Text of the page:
China’s military ratcheted up tensions on Tuesday over its disputed East China Sea air defense zone by threatening military action against Japan and saying it would enforce new aircraft controls.
Chinese Defense Ministry spokesman Geng Yangsheng accused Japan in a statement of "making trouble" and he warned Chinese military aircraft would enforce the newly imposed air defense identification zone, or ADIZ.
"Japan's actions have seriously harmed China's legitimate rights and security interests, and undermined the peace and stability in East Asia," Geng said through the official Xinhua news agency. "China has to take necessary reactions."
Geng listed a series of actions by Japan he said had increased tensions, including Tokyo’s frequent dispatch of ships and aircraft to areas near the disputed Senkaku islands, threats to shoot down Chinese drones, and overall escalation of regional tensions.
Without mentioning the United States, Geng also said other countries must "correct wrong remarks and wrongdoings," he said.
"Other parties should not be incited, or send wrong signals to make a very few countries go further on the wrong track, which will follow the same old disastrous road and undermine regional and world peace," Geng said, insisting that China adheres to peaceful development and defensive policies.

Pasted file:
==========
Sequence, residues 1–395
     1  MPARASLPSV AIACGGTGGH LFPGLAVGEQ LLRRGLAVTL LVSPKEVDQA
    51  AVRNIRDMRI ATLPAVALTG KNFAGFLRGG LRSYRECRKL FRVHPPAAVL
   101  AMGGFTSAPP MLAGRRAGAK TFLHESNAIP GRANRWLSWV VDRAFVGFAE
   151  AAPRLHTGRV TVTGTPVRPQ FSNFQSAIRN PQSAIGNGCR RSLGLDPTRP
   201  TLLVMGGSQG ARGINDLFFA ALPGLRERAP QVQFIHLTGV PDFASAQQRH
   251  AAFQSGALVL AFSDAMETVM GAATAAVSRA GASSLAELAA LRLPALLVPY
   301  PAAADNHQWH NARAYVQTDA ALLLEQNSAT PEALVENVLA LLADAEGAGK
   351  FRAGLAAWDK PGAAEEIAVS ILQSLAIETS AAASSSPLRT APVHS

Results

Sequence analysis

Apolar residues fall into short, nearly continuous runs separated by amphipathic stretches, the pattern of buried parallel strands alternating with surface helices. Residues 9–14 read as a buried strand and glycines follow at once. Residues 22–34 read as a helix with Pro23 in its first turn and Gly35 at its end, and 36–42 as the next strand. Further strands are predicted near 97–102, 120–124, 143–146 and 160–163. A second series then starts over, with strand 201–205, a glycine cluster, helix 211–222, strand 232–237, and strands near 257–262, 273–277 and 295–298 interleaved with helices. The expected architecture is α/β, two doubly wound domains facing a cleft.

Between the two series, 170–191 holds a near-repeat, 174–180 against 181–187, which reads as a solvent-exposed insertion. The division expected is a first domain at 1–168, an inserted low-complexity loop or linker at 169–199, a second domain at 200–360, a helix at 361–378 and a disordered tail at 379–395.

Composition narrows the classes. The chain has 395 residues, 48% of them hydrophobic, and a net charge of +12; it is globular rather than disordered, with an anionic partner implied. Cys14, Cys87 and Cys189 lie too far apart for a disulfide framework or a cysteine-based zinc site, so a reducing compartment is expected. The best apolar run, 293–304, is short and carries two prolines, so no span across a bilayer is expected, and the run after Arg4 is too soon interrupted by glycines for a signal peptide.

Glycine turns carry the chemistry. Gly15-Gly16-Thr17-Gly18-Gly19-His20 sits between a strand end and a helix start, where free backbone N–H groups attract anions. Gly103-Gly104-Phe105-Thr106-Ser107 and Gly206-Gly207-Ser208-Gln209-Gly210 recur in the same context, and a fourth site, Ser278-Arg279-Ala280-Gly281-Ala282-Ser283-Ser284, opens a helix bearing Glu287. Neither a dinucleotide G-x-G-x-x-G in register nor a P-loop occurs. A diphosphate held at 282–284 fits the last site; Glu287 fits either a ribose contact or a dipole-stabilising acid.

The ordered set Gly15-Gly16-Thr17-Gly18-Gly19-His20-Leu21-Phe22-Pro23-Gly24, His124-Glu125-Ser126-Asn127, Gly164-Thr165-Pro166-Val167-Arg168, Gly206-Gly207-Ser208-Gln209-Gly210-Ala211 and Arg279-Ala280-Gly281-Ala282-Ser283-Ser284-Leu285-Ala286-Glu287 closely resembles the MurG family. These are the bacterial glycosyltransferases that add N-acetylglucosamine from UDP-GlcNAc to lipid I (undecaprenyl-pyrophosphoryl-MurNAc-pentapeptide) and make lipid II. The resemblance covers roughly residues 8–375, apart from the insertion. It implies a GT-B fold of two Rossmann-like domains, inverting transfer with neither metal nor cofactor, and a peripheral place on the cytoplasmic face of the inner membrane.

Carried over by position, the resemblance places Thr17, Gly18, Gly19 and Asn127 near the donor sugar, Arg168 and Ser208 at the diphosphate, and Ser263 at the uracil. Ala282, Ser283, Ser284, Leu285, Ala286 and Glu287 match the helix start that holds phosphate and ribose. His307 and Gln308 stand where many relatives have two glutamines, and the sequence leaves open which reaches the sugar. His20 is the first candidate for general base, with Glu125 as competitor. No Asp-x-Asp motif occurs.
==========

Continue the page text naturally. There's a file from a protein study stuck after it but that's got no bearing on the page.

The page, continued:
The comments were the most forceful by a Chinese government spokesman since Beijing unilaterally declared the ADIZ that overlaps Japan’s air defense zone and covers the Senkakus, which China calls Diaoyu.
On Capitol Hill, the senior Republican on the Senate Armed Services Committee said the latest tensions highlight the administration’s "confusing and inconsistent messages" to Japan, a key ally.
The administration for months before China’s imposition of the air zone had said it was neutral in maritime disputes. It then belatedly backed Japan, invoking defense commitments under the U.S.-Japan defense treaty.
"In an obvious attempt to placate China, the United States is sacrificing the assurance to our allies in the region that we are a reliable and steadfast security partner," Sen. James Inhofe (R., Okla.) said in a statement to the Free Beacon.
Inhofe noted that 2012 marked the 60th anniversary of the U.S.-Japan defense treaty.
"The belated invocation of our treaty obligation clearly falls well short of an appropriate response to this latest provocation by China that would be consistent with the spirit and intent of the treaty," Inhofe said. "Unfortunately, this follows a pattern of fumbled reactions by the Obama administration in other regions of the world, especially in the Middle East and North Africa."